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Lots of questions about Train Tickets Budapest-Vienna and Vienna-Prague

Lots of questions about Train Tickets Budapest-Vienna and Vienna-Prague

Jan 15th, 2007, 10:52 AM
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Lots of questions about Train Tickets Budapest-Vienna and Vienna-Prague

We'll be flying into Budapest and out of Prague in early March. We'd like to take the train from Budapest to Vienna and then a couple of days later, from Vienna to Prague.

Some questions:

Is there a way I can buy the tickets from Vienna to Prague while still in Budapest or must I wait until we get to Vienna?

Is there any way to buy these tickets online before we go, other than on the overpriced Rail Europe site?

I've looked at the Hungarian rail site and can see times for trip, but not pricing. Is there any way to get this in advance?

Once we're in Budapest, what's the best way to get the train tickets? Go to the train station? Travel agent?

Do either the Budapest or Vienna stations have special lines for travelers who don't speak the local language? (I've seen this in Thailand, not not in Europe).

Kristina is offline  
Jan 15th, 2007, 11:03 AM
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check out BETS or www.budgeteuropetravel.com for good info on trains, costs and schedules. They were very helpful to us when we needed to figure out what was cheaper.. a Eurail pass or just buying tickets...
kleroux is offline  
Jan 15th, 2007, 11:46 AM
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You can book your tickets by calling the Deutsche Bahn Call Centre and you can have them mailed to you. Dial your country's international access code (011 for the USA and Canada) + 49 1805 - 996633.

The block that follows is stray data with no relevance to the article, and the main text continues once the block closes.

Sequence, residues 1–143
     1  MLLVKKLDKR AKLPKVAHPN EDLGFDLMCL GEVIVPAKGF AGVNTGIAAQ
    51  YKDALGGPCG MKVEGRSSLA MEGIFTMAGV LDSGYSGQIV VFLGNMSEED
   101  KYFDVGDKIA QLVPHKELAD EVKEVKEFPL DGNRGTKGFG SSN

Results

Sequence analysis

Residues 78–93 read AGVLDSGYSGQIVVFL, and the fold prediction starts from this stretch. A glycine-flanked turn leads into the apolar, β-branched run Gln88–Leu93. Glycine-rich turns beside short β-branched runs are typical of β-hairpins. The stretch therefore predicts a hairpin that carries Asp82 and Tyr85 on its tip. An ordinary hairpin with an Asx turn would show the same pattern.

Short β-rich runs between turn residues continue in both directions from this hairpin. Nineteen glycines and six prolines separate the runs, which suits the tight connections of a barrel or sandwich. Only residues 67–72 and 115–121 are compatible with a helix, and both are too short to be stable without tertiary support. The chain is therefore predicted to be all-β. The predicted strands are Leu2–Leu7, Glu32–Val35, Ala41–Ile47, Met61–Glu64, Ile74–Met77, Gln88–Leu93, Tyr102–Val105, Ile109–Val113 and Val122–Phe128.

TimS is offline  
Jan 15th, 2007, 12:13 PM
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Kleroux-Thanks. As far as I can tell, point to point tix are better since we only have two trips.

TimS-I've looked at the Deutsche Bahn website and I thought you could only buy German rail tickets from them?
Kristina is offline  
Jan 15th, 2007, 12:32 PM
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You can buy tickets using accredit card and a phone if you use Budget Europe Travel Service, phone 800-441-9413 or 800-441-2387, site http://www.budgeteuropetravel.com/
Or Euraide of Florida, E-mail [email protected], phone 941/480-1555, site http://www.euraide.com/. Stations in Budapest and Vienna stations have no special lines for travellers who don't speak the local language, but many staff wear badges to say they speak English. In early March there is no rush, and you can easily buy your tickets for cash or a credit card half an hour before a train goes. Also, you can in Budapest stations buy your tickets both to Vienna and also from Vienna to Prague, at standard fares with no added fees. A pleasant agency in Budapest is Wagon Lits Carlson, on Dorotteer Ut, round the corner from Gerberís fine coffee house. You pay a few percent more, but you speak English, use a credit card, and book the whole journey.

Ben Haines, London
[email protected]
ben_haines is offline  
Jan 15th, 2007, 01:23 PM
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You will be able to buy your tickets in Budapest for the entire journey if you don't want to buy them in advance.

European trains don't book up like US airplane flights. I am assuming you will be in Budapest a couple of days which should give you time to make the purchase.

When you obtain your train information, be sure to note which Budapest station you need. Most of the trains to Vienna, particularly the ones you will want, leave from the Keleti station.

The best site for information that I have found for travel by train in the Czech Republic, Austria, and Hungary is available from the Austrian rail web site: oebb.at or OEBB.AT

Or if you know the keys, use öbb.at
(Alt - 148 on the numerical key pad produces the ö. The two dots are called an umlaut, but oe is the normal written equivalent.)

I find the site easy to use.

If you use the Austrian site, English captions are available. To find English, look at the top of the screen, above the wide red line, slightly right of middle. There you will see a drop down box for Sprache/Language. Englisch is the second choice.